Dan Hilliard, who appeared in the first three blog posts, enjoys thinking and talking about teaching with his colleague Angela Bernardi: [This entry is excerpted from the Reflection at the end of Chapter 1. Reflections are provided at the end of each chapter to stimulate further thinking.]

Dan Hilliard and Allegra Bernardi have often discussed the impact of lecturing on learning. “Why do we do it,” they wondered, “when we were often bored listening to lectures?”… Dan likes 10-2 Thinking… In fact, he realized that it has changed his perspective on teaching… he now sees it including frequent assessments to assure his students are learning. Checking in and listening to them has become essential to his teaching.

“If every teacher who lectured or talked a lot decided to use 10-2 Thinking,” Dan thought to himself, “what a difference it would make throughout the school! Every student would leave every class having worked with the material taught—and would go home with something with which to practice!”…

He decided to ask Allegra to observe him because he not only wanted to show her how he was using 10-2 Thinking but also wanted her feedback. “What if,” Dan said to her, “we made a pact to listen more and talk less to our students—and to let them give more input about their learning? What if our classrooms eventually became more like 2-10 Thinking!?”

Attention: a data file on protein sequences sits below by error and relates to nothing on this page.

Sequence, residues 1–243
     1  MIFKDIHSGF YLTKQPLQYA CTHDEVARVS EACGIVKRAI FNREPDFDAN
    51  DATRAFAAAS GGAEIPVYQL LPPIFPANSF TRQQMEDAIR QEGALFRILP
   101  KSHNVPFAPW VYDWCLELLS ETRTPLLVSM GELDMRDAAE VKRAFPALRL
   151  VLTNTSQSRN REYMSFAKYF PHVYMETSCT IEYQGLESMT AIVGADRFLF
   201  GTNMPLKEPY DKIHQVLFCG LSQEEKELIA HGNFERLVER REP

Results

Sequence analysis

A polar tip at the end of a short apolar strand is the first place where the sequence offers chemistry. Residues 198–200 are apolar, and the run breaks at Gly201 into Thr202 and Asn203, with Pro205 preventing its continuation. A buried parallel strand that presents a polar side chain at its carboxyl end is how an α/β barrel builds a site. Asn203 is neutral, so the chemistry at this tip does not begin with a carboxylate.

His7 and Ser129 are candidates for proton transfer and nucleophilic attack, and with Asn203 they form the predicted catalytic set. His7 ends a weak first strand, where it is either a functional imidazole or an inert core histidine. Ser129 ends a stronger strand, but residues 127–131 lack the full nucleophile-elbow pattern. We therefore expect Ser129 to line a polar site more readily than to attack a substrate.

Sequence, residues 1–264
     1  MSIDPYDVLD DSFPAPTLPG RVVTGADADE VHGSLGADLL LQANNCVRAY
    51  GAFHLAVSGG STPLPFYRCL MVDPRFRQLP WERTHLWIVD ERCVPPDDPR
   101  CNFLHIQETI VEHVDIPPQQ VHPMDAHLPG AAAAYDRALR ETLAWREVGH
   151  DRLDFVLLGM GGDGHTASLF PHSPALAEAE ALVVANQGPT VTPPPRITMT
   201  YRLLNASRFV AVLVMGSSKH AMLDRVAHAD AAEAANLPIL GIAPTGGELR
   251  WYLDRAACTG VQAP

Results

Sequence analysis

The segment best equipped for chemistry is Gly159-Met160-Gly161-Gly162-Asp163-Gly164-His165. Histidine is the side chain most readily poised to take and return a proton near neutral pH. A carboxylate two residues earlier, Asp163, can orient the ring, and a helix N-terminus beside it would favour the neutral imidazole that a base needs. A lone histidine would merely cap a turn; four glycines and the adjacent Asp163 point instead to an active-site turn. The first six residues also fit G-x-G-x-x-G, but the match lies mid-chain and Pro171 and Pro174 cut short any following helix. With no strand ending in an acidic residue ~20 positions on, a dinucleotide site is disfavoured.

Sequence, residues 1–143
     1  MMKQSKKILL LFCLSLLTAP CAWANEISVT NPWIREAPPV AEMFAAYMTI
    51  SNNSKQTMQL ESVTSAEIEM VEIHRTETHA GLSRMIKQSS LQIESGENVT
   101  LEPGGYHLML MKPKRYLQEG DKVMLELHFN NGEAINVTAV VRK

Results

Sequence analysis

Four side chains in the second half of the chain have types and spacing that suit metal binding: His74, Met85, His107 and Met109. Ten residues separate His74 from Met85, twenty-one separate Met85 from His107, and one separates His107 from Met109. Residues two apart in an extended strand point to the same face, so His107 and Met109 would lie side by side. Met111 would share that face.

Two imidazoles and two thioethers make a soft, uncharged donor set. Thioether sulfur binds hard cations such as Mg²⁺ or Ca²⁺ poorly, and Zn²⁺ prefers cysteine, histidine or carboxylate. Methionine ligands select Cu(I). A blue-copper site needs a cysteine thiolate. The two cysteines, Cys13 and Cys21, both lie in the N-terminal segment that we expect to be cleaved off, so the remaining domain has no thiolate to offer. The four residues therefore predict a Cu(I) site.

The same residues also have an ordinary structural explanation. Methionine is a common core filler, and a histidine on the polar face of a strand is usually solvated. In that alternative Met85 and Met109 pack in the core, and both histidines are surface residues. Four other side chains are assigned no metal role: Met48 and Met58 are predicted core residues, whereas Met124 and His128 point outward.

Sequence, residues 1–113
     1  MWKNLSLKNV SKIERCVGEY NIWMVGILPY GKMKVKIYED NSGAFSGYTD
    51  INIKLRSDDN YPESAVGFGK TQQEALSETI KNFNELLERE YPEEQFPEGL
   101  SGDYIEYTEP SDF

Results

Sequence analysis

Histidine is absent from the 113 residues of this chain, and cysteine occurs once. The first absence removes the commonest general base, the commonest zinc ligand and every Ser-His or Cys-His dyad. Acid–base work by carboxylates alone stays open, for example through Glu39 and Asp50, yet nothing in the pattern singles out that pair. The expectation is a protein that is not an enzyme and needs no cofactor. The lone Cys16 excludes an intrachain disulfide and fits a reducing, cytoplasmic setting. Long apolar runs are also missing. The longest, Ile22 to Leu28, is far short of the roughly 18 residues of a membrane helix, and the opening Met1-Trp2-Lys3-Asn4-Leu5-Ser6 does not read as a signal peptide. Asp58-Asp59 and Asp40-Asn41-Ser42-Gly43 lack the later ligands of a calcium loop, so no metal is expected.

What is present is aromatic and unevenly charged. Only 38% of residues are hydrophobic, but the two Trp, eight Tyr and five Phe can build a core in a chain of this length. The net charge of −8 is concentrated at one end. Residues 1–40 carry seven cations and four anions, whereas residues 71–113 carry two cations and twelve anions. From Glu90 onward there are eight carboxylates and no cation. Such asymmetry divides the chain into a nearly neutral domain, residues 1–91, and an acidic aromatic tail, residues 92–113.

“I think this is a good idea,” Allegra said. “But we must be careful not to become stuck in either-or thinking. Sometimes, as you well know, we can talk to students for as long as twenty minutes and have their full attention. These times, what I call engaged talking, sometimes happen by surprise, when students are eager to take in what we have to say. It’s like they’re hungry for our words and hang on to every one. I do not want to give up those times.”

“Neither do I,” Dan replied.

Praise for Teaching from the Middle of the Room: “I have very much appreciated your book. It’s so important….truly a labor of love, mindfulness, and attentive care…and I hope it gets all the audience it deserves.” ~Anne Wheelock, Crossing the Tracks

Even when teachers discover new practices (in this instance 10-2 and 2-10), they need to remember not to throw the baby out with the bathwater. You can find more such wisdom in Teaching from the Middle of the Room: Inviting Students to Learn from Amazon: http://www.amazon.com/Teaching-Middle-Room-Frank-Thoms/dp/0615358918